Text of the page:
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This building was constructed in 1891 to be the first bank in Oyster Bay. Built of sturdy brick, it originally consisted of 3 1/2 stories as well as a basement. The directors of the Oyster Bay Bank leased the third floor to the Masons of Matinecock Lodge #806, the second floor to various doctors and lawyers, part of the basement to a pool hall and tobacco shop, and used the first floor for the bank.
Known as the “Little White House”
When Theodore Roosevelt was Governor of New York in 1900 he rented several rooms on the second floor. In 1901 he became a member of the Matinecock Lodge, attending Masonic meetings on the third floor as often as his schedule would permit.
When President, Theodore Roosevelt continued to use the Oyster Bay Bank Building. One newspaper recounts how in 1902, a flag was brought from Washington and raised from a new halyard at the Oyster Bay Bank Building, called the “little White House” in the article.
In the summer of 1905 the Oyster Bay Bank Building was chosen as the location for Roosevelt’s telegraph office, while the clerical force worked a half-block away in the Moore’s Building.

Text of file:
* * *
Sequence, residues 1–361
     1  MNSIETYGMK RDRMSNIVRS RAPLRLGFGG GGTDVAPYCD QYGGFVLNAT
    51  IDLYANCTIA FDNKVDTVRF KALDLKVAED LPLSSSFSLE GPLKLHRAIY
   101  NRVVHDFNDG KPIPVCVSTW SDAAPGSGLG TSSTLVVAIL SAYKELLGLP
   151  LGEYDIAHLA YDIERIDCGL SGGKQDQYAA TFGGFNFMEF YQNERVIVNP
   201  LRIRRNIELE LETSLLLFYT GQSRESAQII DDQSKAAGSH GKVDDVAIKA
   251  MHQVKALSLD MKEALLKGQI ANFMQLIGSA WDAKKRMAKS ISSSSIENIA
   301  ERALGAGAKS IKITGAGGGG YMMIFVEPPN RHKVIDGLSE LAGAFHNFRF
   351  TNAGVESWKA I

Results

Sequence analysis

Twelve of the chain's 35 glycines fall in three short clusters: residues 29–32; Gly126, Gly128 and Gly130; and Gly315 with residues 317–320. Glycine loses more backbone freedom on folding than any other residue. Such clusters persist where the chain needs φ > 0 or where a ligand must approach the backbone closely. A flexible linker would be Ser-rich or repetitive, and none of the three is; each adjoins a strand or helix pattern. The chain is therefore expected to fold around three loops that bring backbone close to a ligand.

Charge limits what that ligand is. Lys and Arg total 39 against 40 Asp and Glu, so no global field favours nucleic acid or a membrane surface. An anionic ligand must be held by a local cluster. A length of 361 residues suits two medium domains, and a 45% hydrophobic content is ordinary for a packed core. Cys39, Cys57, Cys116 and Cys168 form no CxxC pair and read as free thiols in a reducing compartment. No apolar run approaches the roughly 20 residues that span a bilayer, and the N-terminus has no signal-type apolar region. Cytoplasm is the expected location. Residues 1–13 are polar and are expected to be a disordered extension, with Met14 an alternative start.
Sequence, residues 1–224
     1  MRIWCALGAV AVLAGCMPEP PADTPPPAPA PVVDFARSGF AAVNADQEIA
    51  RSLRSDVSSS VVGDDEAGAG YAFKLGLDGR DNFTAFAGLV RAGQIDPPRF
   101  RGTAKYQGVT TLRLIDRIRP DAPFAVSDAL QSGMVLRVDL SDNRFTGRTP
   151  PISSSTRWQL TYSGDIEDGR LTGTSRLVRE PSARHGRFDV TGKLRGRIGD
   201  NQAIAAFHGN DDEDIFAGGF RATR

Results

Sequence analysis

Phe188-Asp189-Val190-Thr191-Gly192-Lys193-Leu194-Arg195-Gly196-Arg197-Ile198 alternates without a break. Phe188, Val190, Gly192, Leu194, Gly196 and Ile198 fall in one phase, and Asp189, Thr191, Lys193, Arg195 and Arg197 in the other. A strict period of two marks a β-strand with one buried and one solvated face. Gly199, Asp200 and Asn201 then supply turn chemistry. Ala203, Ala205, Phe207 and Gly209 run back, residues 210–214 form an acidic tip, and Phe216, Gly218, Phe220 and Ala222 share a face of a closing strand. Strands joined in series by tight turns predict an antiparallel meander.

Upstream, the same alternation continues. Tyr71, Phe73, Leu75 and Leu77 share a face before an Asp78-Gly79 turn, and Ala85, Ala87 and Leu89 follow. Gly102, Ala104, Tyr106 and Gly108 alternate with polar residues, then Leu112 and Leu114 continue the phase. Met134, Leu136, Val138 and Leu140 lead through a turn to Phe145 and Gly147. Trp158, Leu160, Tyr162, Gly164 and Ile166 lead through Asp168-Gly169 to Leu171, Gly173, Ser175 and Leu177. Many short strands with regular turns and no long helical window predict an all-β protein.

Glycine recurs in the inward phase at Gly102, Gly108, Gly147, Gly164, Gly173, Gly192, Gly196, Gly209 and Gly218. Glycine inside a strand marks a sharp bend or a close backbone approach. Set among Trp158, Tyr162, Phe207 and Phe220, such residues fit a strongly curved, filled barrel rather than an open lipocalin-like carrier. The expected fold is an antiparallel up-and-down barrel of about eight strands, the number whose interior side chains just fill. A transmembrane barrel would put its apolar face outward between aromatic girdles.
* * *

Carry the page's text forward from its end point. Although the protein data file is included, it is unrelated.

Perhaps the most fascinating fact about this building is that is was actually lowered. Originally the building was set back from the sidewalk about ten feet with a flight of wide stops leading up to the entrance. Local contractors excavated under the basement and thorough a system of hundreds of jacks and rollers the massive building was both lowered and brought forward – This elaborate procedure took place on May 20, 1927 a day most people remember for Charles Lindbergh’s historic solo flight across the Atlantic. The lowering and moving were accomplished in only 18 hours. A 3 story extension was added to the back of the building. Now people could enter the main floor from street level and with the new additions the Oyster Bay Bank could better serve the growing community of Oyster Bay.
Recently, the building has undergone extensive renovations, both inside and out, insuring its place as the most attractive and productive buildings on Audrey Avenue.